This report first appeared in the XX isue of New Zealand Pétanque magine.
Late last year, having seen a report on the Australian Pétanque website about the Singapore International, I suggested to both Brian and Dirk that we should look at going to the next event. Having missed out on the automatic entry to the World Championship, Singapore offered an interesting alternative.
In June, PNZ asked for expressions of interest in competing in Singapore and a few weeks later the team of Ian Baker (Herne Bay), Michael Rocks and Dirk Winnie (Khandallah) were chosen. We had the option of taking a manager, but the three of us thought we could cope on our own. As it happened, we picked up Terry Lambert as the official (mascot).
The next few weeks were spent organising uniforms, flights and accommodation. In our spare time we all did some training. Iím not really sure what practising at night in 6 to 8 degree temperatures actually does when you end up playing in 30 plus degrees, but it helped fill in the time.
On the Tuesday evening, Dirk and I flew to Auckland and Michael Emerson took us to Herne Bay. We met up with Ian, had some pizza and then three games against the World Champs team. This was our first ever game together and we won 13-12.
Unfortunately, the next two were not quite so successful. On that note, we headed to bed. Next day we had breakfast at the Atomic Cafe and a few games on the famous piste. Michael dropped us off at the airport and away we went.
We arrived early in Singapore, and having told Terry (who had arrived the day before) not to meet us at the airport, caught a cab to the hotel. On arrival, the desk had no idea who we were. Terry phoned. He was at the airport with Eddie Lim (the just retired President of Sports Boules Singapore) looking for us. We told him where we were and waited for them to arrive. Meanwhile, the desk worked out who we were and we checked in.
We talked to Eddie for an hour or so and found out quite a lot about pétanque in the region. The Singapore competition has been going for about twenty years and was initially between Singapore and Thailand. Over the years it has grown and now it has about a dozen countries competing. New Zealand had been invited in the past, but this was the first time a team had come.
The Asian Federation has been in existence for about fifteen years and the Constitution is being changed to allow Australia and New Zealand to participate in the Asian Championship.
On the Thursday evening we spent some time at the piste. It was situated about 10-15 minutes away by taxi. The terrain is in a sports area (soccer/athletics field, swimming pool, basketball stadium, and I think the other building was used by either table tennis or badminton).
There were 10 terrains in 3 blocks of two (one covered), and a long one that probably doubled as the bocce court, which was divided into four. The surface was different in each of the areas. The covered terrains were dusty and the nearest to a lime terrain in NZ. The other two double pistes were stony (see Terry's picture), while the bocce court was pretty flat with some stones, a number of dead spots and large stones that were just below the surface.
On Friday we went down during the day to get used to playing in the heat. At least that was the plan, but it had been raining and the temperature was relatively cool! We had several games against the Singapore juniors and managed to avoid the Mauritius team, whose coach was quite keen to see how we would play. If we ended up playing them in the tournament we wanted the element of surprise!
In the evening the team officials met to discuss the format and do the draw for round one. After the Pan Pacific in Vietnam, Eddie had promised the Australians and New Zealanders that they would definitely get more games.
Nineteen teams from eleven countries had entered, so the format was four pools of 4 and one of 3. The first round was a barrage format. The top two teams in each pool would qualify for round 2, the bottom teams would have the rest of the day off!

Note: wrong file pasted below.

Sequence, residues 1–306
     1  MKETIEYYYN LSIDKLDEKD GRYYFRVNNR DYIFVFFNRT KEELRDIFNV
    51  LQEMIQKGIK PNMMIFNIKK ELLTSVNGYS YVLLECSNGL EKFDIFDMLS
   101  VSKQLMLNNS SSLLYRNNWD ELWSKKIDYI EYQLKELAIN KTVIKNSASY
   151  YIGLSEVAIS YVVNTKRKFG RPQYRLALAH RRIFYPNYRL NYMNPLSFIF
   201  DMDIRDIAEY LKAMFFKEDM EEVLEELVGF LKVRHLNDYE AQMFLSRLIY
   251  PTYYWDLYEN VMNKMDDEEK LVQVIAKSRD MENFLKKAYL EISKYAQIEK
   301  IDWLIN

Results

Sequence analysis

After the draw, we headed out for some dinner and had an early night.
Up at 6:00am, breakfast etc, onto the coach and off to the terrain. I donít think the driver had been there before as we took a very curious route. We had some time on the piste and then the official welcome ceremony. We were introduced to our flag-bearer, scorekeeper and general minder, Jowie, and proceeded to march in. After the introductions, we were called upon to do a haka. Thankfully, I had sent Terry back to the hotel to collect our giveaway tossing coins, so there is no evidence of what a three-person haka looks like.
New Zealand was drawn in the same pool as the Philippines, Port Authority of Thailand (PAT), and Malaysia B.
In the first game we beat the Philippines 13-3 in 9 ends with one killed. We found out later that not only was this their first appearance at Singapore, but their first international competition. We can therefore claim to have inflicted the first international defeat on the Philippines.
In the second game we faced PAT, the defending champions. After five ends, we were 5-2 up. After the next three, we were 6-7 down. However, their pointer went off and we wrapped up the match 13-7.
We had qualified for the second round as top of our pool and had the luxury of watching some of the other matches.
Terry was sent up to do the draw and depending upon your point of view we either got the pool of death or the best draw we could get.
In the first game we played Thailand B, who were second in the Pan-Pacific Championships in Vietnam. The encounter was brief and possibly exciting for anyone that might have captured a glimpse of it. On the first end we scored 5, on the second we conceded 4. The third end we conceded 3, followed by another 3 on the fourth. Score 5-10. On the fifth end Ian shot twice and we were holding two. Their third boule was short, their last three points were all shot out and we pointed in for six. Score 11-10. Unfortunately, we couldn't repeat the effort on the next end and conceded 3, losing 11-13.
In game two we faced PAT again and there was no mucking about as they quickly raced to 10-1 after four ends. Over the next six ends we mixed aggression with good defence to claw back to 7-12. On the next end we were holding three (one in front, one at the rear and one to the left, with the dead boule line protecting the right) and they had one to play. Under the circumstances, you had to feel pretty confident that we would hold out their boule and probably pick up a couple of points. Unfortunately, it was not to be as their melieur pulled off an amazing point between the front boule and the boundary to take the game. A loss, 7-13.